NATASHA, PIERRE AND THE GREAT COMET OF 1812 – Book, Music, and Lyrics by Dave Malloy; Directed by Lynne Collins; Music Direction by David Nehls; Choreography by Grady Soapes. Produced by the Arvada Center (6901 Wadsworth, Arvada) through March 31. Tickets available at 720-898-7200 or 

This is not a play – not simply a play. It is an adventure – a celebration – an explosive theatrical experience. You don’t just sit in your seats and placidly watch. From the beginning, you are involved, you clap, you are impassioned to sing along after being taught the song, you laugh, you cry, but, most of all, you EXPERIENCE. 

Opulent is the word that comes to mind when I think about my night with NATASHA. Walking into the Black Box theatre, you are immediately aware that there is nothing black left in the Black Box. It’s all a gorgeous burgundy/red color that reeks opulence and decadence. Not suggesting anything about Scenic Designer Brian Mallgrave’s (or my) life experiences, but it looks like the inside of a brothel . . . a very expensive brothel. Exploring the fun of theatre in-the-round, a five-piece orchestra sits in a “pit” in the middle of the stage (how much fun it would have been to have had them in Russian costumes as well) with the music and dancing swirling around them. Occasionally Music Director David Nehls will leave his post at the piano, deferring to an actor to accompany him or herself for a song. 

But while some “songs” are easily determined, for the most part, these are not songs, but dialogue set to music. They may announce how someone is feeling, carry on a musical conversation, have someone in the ensemble explain what is going on and the cultural implications of someone’s actions. It started early in the evening when instead of verbally reciting the list of sponsors and instructions to the audience about phones, feet in the aisles, etc., it was all sung with great enthusiasm by the entire company. Wait, I forgot – it actually started even before that. As the audience arrives, they are warmly welcomed into the space by members of the company carrying musical instruments, strolling around, making conversation, practicing a little, showing off their costumes, extoling the virtues of vodka, just generally being rowdy and having fun. Immediately, the chaos of the pre-show gives the audience an understanding of what they are in for during the rest of the show. 

And it does not disappoint. The action never lets up. It may slow down a little in places to make a point about someone being hurt by someone else’s words or actions. For instance, Sonya, Natasha’s best friend, has a lovely song about her fear of what her friend has got herself into. But then a few minutes later, a boisterous troika driver (Brian Watson) arrives and engages them all in a song built around his exploits of driving his horses all over the country in service to Anatole and his friends.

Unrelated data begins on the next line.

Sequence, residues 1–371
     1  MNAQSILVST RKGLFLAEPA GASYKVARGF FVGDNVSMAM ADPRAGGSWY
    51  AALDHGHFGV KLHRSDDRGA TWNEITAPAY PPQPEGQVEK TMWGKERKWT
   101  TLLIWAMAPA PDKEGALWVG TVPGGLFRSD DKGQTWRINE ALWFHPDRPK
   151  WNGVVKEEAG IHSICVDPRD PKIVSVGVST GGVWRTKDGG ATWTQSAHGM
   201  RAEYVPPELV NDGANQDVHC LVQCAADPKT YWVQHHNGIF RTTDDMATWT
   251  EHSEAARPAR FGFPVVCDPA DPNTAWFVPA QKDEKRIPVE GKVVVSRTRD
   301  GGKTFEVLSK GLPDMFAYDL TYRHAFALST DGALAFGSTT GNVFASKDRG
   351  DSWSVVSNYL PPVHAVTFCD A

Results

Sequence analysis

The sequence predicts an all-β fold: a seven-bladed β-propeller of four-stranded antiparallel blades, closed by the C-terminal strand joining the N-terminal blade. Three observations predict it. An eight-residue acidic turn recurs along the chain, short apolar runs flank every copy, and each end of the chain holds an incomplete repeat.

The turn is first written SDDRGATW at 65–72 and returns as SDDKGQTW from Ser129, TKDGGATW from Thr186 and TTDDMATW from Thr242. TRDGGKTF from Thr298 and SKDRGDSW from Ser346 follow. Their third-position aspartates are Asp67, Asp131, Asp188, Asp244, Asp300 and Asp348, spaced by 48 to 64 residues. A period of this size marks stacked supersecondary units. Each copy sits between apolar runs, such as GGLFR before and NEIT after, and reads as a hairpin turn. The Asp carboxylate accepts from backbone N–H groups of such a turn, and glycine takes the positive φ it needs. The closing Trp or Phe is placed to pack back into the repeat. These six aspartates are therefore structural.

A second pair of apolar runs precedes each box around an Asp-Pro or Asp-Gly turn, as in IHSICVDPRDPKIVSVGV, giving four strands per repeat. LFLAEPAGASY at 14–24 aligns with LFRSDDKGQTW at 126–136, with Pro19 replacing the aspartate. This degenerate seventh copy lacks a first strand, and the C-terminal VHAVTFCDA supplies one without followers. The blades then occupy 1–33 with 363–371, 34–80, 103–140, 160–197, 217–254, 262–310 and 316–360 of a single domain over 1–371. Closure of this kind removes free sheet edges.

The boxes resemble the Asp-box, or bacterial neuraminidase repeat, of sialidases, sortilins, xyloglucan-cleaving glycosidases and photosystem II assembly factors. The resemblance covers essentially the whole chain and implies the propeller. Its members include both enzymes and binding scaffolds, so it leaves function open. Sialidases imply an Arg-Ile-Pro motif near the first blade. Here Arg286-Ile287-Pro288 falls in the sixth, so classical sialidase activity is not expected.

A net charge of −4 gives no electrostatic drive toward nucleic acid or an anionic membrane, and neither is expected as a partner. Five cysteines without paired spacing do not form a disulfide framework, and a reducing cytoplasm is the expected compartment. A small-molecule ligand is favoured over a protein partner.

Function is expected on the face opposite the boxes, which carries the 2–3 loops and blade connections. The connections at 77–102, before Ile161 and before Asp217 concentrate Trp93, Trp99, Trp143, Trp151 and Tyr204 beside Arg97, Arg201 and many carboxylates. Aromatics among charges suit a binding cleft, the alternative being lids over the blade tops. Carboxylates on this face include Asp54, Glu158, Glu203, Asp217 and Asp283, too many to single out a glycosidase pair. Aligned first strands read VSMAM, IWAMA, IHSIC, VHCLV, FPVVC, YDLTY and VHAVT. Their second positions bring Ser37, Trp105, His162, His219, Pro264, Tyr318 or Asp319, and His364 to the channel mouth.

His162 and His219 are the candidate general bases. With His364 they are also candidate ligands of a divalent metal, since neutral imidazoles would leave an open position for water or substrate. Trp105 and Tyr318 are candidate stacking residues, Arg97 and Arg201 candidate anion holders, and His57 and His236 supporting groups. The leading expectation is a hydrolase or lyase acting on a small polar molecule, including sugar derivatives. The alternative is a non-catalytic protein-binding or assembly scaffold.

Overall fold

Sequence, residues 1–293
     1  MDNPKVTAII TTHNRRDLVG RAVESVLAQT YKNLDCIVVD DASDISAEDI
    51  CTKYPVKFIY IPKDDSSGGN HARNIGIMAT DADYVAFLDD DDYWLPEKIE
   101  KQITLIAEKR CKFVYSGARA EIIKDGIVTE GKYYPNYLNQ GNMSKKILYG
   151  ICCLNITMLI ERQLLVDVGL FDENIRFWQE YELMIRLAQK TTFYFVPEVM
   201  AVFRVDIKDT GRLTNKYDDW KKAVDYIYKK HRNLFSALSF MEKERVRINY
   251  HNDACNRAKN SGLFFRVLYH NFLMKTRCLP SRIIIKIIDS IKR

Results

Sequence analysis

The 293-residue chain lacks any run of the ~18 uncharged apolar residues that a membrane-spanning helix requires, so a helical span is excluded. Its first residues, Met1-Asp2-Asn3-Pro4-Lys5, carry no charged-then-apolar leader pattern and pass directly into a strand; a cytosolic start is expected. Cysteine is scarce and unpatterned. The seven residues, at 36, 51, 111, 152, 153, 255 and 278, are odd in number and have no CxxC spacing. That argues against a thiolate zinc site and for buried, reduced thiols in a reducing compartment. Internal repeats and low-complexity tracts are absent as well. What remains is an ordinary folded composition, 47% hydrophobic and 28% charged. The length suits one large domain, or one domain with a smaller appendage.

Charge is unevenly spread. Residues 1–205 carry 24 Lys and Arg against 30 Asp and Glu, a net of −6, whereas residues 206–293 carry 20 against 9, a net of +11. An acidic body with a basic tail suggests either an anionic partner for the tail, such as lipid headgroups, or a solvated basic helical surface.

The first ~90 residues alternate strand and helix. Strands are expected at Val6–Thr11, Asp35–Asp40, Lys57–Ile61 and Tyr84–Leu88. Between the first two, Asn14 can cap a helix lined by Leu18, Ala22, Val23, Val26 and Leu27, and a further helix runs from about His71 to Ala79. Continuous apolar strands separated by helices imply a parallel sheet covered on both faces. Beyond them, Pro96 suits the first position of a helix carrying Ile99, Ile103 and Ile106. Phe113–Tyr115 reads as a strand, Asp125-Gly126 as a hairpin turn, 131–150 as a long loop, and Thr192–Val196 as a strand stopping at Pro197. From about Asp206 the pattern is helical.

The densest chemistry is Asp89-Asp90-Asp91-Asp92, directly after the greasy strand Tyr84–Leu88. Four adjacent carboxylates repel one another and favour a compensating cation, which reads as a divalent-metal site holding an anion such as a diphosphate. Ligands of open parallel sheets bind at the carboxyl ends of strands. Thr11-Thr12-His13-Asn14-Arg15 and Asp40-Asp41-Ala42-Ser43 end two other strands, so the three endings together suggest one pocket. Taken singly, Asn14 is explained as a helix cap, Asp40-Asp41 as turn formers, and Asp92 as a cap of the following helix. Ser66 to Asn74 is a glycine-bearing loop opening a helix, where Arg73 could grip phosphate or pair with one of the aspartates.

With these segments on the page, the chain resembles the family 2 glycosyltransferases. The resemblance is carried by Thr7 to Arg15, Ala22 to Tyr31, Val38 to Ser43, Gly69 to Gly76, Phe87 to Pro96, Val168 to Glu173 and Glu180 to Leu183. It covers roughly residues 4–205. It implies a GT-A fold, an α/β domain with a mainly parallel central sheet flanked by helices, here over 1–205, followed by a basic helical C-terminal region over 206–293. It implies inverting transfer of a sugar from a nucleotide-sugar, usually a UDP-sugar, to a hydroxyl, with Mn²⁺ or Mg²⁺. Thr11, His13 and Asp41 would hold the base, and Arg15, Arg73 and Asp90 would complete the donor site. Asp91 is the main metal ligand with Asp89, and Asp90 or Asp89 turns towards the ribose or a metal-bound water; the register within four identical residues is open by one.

This cast makes the evening come alive. This musical story soars from their throats; each player contributes to the storytelling; each player brings their own musical talent to the stage with French horn, cello, violin, percussive instruments, piano and more. Bella Hathorne is a breathtakingly beautiful Natasha. Jack Wardell is a selfish and thoughtless ego driven fool – but oh-so-hot! Anna Maria High embraces the role of opera diva and fiercely protective friend to Natasha. Nicole deBree is the amazingly sexual but unfaithful wife of Pierre. Brian Watson’s turn as the old lecherous Prince Bolkonsky was a hilarious high point.  

While the more obvious story is the blossoming of the forbidden romance (she is promised; he is secretly married) between Natasha and Anatole, thought must be given to the plight of Pierre. Trapped in a loveless marriage, fighting against and giving into alcohol too often, caught in the malaise of an unfulfilled life, he wavers between depression and drunkenness. His sorrow seems to be because he can look back and see his mistakes and the lost potential; the future is slow in realizing itself to him. If the story were being told about a man in 2012 instead, it could be said he was suffering a mid-life crisis. But he rises out of his own self-pity to offer consolation to Natasha in how she has destroyed her own opportunities by reminding her that she has her whole life in front of her. Despite what she feels now, at 19 her possibilities are unlimited. He reminds her that she is beautiful and young and that if he were a better (not younger) man, he would ask for her hand in marriage. Her gratitude for his kindness and forgiveness fills the room. In that simple act of kindness toward another and the arrival of the comet, he begins to see that he too has time left to find a different ending for himself. “It seems to me that this comet feels me, feels my softened and uplifted soul and my newly melted heart now blossoming into a new life.” “I gaze joyfully” as the show closes. Brett Ambler brings Pierre’s story to life with graciousness and dogged determination. It is such a pleasure to see him return to the Arvada stage.

Beautiful stories, beautiful people, beautiful costumes, beautiful music, beautiful set . . . what more could you ask for? I could say much more about this amazing script and this brilliant interpretation, but I’ve told you what you can expect by attending. It’s up to you now. This is a crowning achievement for the Arvada Center who consistently build their reputation as THE place to go for outstanding theatre. 

A WOW factor of 9.5!! 

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